A related study a quarter-century later—Primum Non Nocere: An Evolutionary Analysis of Whether Antidepressants Do More Harm Than Good, a 2012 paper by researchers at Ontario’s McMaster University—says that antidepressants should be used with caution. “It’s important because millions of people are prescribed anti-depressants each year, and the conventional wisdom of these drugs is that they’re safe and effective,” lead author Paul Andrews said in a university statement. Andrews, an evolutionary biologist, and his colleagues found that the risks of antidepressants outweighed the benefits. The risks include digestive problems (such as diarrhea and constipation), sexual problems, abnormal bleeding, stroke, and even premature death in the elderly.

Given the wide use of (and the possibility of abusing) these medications, what are some of the possible ramifications of relying on Tylenol to treat anxiety or depression?

When taken, even as directed, for four days, acetaminophen was found to affect liver-enzyme levels, putting users at risk for liver damage. (This is according to a 2006 study, Aminotransferase Elevations in Healthy Adults Receiving 4 Grams of Acetaminophen Daily, conducted by researchers of the University of North Carolina.) Furthermore, a 2011 study (of patients admitted to hospital with liver damage due to acetaminophen) led by Dr. Kenneth Simpson of the University of Edinburgh found that gradual overdoses of acetaminophen were more likely to be fatal than a sudden, massive overdose.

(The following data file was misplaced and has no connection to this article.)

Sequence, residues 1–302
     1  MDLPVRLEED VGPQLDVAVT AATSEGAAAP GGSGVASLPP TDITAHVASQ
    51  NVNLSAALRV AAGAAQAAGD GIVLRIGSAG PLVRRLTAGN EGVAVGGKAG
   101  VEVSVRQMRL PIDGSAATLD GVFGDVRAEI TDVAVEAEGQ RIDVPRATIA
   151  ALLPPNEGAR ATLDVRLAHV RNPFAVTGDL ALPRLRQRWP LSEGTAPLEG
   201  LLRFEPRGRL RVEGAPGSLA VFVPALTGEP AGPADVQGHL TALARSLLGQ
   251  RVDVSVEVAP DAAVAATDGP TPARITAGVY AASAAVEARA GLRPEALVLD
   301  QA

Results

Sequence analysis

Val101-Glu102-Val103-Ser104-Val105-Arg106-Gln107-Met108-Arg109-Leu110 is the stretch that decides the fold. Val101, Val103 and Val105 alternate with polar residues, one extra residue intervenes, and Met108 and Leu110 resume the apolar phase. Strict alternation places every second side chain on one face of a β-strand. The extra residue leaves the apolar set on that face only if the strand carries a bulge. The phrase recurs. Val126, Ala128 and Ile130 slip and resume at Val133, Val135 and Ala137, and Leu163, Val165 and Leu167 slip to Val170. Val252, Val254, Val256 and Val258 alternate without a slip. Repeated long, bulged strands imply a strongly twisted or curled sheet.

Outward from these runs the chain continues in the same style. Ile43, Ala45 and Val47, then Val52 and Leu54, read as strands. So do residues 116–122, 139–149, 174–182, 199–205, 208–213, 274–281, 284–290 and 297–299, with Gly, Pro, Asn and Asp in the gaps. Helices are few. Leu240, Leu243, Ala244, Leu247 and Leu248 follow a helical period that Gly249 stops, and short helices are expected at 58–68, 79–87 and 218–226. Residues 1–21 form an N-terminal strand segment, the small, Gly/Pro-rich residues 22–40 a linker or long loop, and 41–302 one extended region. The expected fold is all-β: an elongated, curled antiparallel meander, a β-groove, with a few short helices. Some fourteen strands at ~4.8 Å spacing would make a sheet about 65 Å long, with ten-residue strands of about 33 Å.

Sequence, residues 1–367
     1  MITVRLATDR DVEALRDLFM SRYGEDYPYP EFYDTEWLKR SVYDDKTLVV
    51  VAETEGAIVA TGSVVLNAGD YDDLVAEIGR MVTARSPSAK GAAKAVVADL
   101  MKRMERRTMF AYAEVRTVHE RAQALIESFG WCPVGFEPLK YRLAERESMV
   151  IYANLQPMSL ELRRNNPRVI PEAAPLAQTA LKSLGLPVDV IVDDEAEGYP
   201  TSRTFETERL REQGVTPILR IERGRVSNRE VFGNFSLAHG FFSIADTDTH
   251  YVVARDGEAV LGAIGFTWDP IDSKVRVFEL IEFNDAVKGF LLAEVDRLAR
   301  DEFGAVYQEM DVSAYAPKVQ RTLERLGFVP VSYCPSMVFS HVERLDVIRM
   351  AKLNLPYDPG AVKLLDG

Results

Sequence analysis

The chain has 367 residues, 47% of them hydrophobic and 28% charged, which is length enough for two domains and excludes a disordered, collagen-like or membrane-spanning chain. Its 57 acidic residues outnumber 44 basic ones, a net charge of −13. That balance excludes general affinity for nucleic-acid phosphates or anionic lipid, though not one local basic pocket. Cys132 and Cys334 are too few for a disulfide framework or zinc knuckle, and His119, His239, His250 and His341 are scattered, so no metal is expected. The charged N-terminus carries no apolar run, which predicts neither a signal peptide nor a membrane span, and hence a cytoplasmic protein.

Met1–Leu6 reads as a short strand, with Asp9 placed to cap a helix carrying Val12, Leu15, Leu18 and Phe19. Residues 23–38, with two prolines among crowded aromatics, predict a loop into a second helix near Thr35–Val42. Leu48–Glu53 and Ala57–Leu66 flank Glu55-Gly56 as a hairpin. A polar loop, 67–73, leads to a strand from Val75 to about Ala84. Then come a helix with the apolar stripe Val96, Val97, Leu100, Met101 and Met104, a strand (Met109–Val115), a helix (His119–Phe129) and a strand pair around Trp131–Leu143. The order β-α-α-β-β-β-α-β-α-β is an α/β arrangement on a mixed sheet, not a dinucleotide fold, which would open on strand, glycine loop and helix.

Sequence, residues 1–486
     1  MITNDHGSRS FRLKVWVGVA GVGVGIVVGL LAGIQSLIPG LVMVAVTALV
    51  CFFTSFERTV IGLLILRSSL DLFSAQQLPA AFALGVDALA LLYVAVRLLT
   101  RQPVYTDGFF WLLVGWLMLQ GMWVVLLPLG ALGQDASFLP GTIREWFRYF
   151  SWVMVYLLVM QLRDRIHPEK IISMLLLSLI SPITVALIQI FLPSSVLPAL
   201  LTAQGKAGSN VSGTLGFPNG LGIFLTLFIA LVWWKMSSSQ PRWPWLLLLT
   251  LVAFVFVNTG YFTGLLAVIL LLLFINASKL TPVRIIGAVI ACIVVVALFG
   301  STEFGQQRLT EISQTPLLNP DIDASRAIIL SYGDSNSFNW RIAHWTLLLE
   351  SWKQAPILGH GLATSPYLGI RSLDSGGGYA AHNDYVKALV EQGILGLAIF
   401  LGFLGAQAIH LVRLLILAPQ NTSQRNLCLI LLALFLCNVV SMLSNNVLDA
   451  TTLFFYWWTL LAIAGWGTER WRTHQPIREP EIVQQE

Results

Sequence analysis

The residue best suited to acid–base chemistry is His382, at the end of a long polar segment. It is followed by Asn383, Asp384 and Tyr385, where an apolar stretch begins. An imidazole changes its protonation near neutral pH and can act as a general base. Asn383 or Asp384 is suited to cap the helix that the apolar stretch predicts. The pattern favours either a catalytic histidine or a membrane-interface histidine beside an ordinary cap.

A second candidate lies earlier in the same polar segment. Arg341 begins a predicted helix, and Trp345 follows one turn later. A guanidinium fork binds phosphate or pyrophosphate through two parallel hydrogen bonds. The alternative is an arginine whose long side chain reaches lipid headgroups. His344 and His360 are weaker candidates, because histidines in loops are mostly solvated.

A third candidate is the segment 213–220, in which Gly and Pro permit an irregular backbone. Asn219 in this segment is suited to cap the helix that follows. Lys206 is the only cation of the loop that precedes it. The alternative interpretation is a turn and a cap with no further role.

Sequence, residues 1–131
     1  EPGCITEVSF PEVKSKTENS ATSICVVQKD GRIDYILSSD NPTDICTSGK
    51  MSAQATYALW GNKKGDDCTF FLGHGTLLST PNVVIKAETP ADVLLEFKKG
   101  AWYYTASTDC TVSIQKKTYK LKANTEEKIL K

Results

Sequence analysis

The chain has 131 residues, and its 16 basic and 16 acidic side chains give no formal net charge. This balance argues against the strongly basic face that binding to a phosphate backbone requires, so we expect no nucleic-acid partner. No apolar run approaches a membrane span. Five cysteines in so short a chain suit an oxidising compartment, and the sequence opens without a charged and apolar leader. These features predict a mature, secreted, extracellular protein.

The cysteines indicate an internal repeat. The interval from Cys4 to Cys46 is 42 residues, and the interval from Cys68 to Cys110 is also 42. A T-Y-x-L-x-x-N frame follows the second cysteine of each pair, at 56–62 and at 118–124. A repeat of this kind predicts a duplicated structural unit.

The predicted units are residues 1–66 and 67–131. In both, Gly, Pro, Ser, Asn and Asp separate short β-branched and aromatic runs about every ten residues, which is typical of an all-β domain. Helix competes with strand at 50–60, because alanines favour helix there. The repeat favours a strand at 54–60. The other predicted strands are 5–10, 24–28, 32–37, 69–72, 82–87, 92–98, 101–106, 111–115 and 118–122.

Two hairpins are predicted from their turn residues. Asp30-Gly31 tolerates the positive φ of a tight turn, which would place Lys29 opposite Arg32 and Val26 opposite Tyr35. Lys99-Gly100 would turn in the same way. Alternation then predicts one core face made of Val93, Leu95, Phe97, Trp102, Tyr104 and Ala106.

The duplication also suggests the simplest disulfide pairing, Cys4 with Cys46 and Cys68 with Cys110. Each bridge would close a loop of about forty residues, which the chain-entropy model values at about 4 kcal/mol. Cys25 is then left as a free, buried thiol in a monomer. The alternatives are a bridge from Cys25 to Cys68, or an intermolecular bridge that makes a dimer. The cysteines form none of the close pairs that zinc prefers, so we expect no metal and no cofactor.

Patients who suffered such “staggered” overdoses used acetaminophen to treat minor afflictions, like headaches, toothaches, and muscle pain, but used just slightly more than the recommended dosage. About 37 percent of those staggered overdoses in the study proved fatal. In a November 2011 release by the British Journal of Clinical Pharmacology, which published his paper, Simpson said that although gradual intoxication may not be noticed at first, “over time the damage builds up, and the effect can be fatal”.

Psychological dependence may also pose a risk to those who rely on Tylenol for treatment. The American Psychological Association’s Dictionary of Psychology defines psychological dependence as “dependence on a psychoactive substance for the reinforcement it provides”.

According to the APA’s website, cognitive-behavioural therapy (CBT), a type of psychotherapy, is “highly effective in treating anxiety disorders. Psychologists use CBT to help people identify and learn to manage the factors that contribute to their anxiety”. The APA does not recommend halting the use of psychoactive medications and acknowledges their possible role in treatment, provided that they are monitored closely for side effects.